Power Out

Due to a power outage at my home because of the great MARCH winter storm in HOUSTON, this regularly scheduled blog post will return to you tomorrow.

When It’s Not For You

{Spoiler: Today’s post is a little esoteric.  Feel free to look at the picture and come back tomorrow for fashion :) .}


I have several friends who had a great opportunity present itself.

It could have been an opportunity for me, too.

Except it’s not. 

I could absolutely pursue the opportunity, but it wouldn’t be what God is calling me to.  It would be what God is calling me from.

For so many women with their heads down trying to get the job done and the dinner on the table and the kids to ball practice and the waistline from thickening more and the community service project moving forward with wheels on, this whole idea of “God’s plan” or “God’s calling” seems a little nuts.  As if they might look at me and say, Girlfriend, would you plant your feet on the ground, this isn’t real world and you have day-to-day stuff you need to accomplish.  Could you pull that head out of the clouds? 

I worry sometimes that writing about God having a plan for my life doesn’t feel very “relatable.”

Especially for some of you who aren’t even sure about this whole God thing to begin with.

But can I say this?  I absolutely, 100%, entirely and completely believe that God has a plan for your life.  I believe He has a plan.  Sort of a “crazy master it all works together for a greater purpose that we’ll never really know in this lifetime” plan.

And I got pretty clear on what He is taking me toward, and away from, a couple of weeks ago.  Crystal clear.  Nonetheless, I’m an ambitious, even competitive, person whose first instinct is to throw my hat in the ring at every opportunity that might even seem ancillarily related to what I’m headed towards.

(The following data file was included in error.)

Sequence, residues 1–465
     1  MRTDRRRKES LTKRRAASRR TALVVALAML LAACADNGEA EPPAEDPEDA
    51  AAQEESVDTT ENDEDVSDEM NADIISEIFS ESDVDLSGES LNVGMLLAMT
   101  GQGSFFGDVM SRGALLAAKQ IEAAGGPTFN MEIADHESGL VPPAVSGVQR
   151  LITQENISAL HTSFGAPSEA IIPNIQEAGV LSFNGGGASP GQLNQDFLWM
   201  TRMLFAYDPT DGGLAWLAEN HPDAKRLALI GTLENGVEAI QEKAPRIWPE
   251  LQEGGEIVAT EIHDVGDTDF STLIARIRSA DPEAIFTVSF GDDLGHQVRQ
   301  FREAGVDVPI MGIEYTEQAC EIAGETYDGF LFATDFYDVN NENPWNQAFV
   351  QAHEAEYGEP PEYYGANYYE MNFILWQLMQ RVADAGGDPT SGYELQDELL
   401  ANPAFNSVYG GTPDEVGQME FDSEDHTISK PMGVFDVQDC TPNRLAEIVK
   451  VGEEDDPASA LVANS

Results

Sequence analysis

I am stopping.  Even though there is literally this physical activity going on in my heart when I feel I might be missing out on an opportunity that I can control, I am going to sit it out.  When I told God I would say yes to wherever He asked me to go, it also meant saying no to where He is asking me to not go.  Even when there is a road all paved out, it might still be the wrong road.

Wisdom isn’t just jumping at the right opportunities.  It’s passing on the wrong ones.  Even when the worldly “metrics” may shame me for not moving forward, I will rest in knowing it would have still be wrong for me.  Before we go saying yes to something, let’s make sure it’s what we’re supposed to say yes to.

When You Run Out of Words, You Borrow

I sat.

And sat.

And sat.

Still nothing came.  I have been writing for three years and I literally couldn’t find a thing in my head to write.  I have some big posts running around.  I’m just not ready to write them yet.  So after all that lead up Monday, nothing.

Stories will come, but in the meantime I thought I’d share other’s words for today.

1.  Favorite little kids lines:  The little lady is in rare form this week.  She’s making these little scrolls of art and this is her plan for them: “So I’m going to go up to their door and say ‘trick-or-treat’ and then when they give me my candy I will say thank you and give them this receipt.”  Y’all, she’s making receipts for her trick-or-treat candy…  Then, when I warned the kids on the way to school that it might rain on Halloween and we might not be able to go trick-or-treating, she replied, “Mommy, I’m a mermaid, I can get wet.”  Touche’ little bit.